Monday, September 10, 2007

Need help dealing with the CSA?

It is virtually impossible to locate a solicitor prepared to help you with a CSA case. I do a few pro bono cases but it is so frustrating because matters are simply not dealt with. Plus, each step of the procedure has to be followed, even if they know it is a complete waste of time. For example, if you require a reassessment they will request 2 months payslips. What if the non resident parent earns most of his money in twice annual bonus payments? Well, you will have to appeal the assessment. Can't you request sight of his P60? No, the Government has laid out strict procedures which the CSA must follow. How long will this take? Do not expect to hear from us for at least 12 weeks. Then you need to appeal. How long will that take? Add on 12 weeks for each step, multiply by 7 and start again.

I don't know who is in a worse position, the parents who feel like they are banging their head against a brick wall or the CSA staff, who have all initiative removed from them and must be bored and stressed.

What they don't tell you.

Your assessment for child support will never be increased or reduced unless you ask them to do a reassessment. Even then, if the non resident parent's income has increased by 6% or less they will not increase the assessment. You will receive a schedule each 12 months, but it will be identical to the one you received last year unless you request a reassessment, which sounds very official and off putting. At least Court Orders used to increase in line with inflation.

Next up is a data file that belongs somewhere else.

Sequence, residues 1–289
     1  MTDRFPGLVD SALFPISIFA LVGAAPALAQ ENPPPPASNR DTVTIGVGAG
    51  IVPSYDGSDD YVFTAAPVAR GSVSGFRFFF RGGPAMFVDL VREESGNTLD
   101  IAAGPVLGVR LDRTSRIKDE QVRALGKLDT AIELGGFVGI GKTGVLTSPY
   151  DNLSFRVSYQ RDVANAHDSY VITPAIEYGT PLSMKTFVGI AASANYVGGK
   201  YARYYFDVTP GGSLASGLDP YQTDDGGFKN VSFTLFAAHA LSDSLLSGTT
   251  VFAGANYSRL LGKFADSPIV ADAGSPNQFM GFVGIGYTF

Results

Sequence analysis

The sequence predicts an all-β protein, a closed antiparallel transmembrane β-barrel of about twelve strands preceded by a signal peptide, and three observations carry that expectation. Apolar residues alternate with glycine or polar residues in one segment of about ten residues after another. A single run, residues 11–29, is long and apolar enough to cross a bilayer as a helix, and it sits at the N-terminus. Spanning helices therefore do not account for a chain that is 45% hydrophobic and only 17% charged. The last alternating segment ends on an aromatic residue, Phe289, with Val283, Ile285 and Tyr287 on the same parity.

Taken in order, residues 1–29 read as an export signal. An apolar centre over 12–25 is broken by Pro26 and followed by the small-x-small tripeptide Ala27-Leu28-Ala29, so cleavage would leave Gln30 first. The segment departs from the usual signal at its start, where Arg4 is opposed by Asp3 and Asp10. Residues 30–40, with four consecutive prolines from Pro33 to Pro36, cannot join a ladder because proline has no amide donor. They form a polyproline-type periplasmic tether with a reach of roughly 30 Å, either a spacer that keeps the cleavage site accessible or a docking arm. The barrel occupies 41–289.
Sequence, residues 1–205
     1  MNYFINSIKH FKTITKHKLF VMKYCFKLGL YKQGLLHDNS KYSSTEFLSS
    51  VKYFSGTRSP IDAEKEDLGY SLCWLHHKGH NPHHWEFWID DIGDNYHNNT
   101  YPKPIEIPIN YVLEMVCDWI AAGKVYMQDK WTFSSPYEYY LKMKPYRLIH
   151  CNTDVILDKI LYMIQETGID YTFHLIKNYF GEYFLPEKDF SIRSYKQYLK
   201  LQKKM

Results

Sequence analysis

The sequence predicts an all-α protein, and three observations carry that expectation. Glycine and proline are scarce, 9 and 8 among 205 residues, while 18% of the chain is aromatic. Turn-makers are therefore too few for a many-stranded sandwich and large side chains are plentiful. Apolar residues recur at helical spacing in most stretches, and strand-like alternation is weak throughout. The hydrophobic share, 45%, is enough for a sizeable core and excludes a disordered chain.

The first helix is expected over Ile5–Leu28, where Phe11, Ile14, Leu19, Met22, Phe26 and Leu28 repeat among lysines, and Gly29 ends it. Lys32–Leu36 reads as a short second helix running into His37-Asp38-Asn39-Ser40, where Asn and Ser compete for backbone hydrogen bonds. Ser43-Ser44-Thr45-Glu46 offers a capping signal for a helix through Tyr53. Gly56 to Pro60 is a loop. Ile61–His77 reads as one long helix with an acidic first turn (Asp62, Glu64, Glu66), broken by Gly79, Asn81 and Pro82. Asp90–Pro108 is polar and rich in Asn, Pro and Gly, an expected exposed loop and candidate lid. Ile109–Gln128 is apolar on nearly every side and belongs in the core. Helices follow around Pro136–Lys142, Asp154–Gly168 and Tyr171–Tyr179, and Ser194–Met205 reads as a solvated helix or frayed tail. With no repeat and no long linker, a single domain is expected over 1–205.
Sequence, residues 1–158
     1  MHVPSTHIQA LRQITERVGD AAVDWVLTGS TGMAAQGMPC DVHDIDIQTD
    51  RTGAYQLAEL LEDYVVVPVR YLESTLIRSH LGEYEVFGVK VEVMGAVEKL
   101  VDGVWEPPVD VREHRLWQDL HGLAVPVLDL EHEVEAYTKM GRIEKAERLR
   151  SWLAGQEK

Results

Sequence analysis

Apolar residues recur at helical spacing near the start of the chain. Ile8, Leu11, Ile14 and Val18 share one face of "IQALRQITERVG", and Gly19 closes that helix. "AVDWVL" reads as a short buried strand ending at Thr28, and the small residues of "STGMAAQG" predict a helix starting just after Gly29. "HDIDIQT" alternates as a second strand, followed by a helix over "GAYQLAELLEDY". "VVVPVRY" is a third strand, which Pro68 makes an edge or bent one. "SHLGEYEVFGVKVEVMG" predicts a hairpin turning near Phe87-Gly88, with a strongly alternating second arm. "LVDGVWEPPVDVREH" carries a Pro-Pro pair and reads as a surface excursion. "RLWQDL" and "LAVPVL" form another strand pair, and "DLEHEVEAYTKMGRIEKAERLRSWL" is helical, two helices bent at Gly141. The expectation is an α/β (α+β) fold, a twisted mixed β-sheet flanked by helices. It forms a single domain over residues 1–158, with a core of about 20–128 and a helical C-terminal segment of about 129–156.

Their rationale is that they have millions of clients and it would be too costly to implement an assessment for each individual. Why don't they automatically increase the reassessment in line with P60 and tax returns filed via the Inland Revenue? They could deduct the money at source, via the PAYE system and hand it over to the parent with care via the tax credit system or even an increase in their own tax code if they were working. After all, if your salary were to increase by 6% or less you would pay additional tax and national insurance on the difference.

For those caught on the other side of the fence, an assessment for which they do not have the means to pay, the experience can take on nightmare proportions but that is the subject of another post...........

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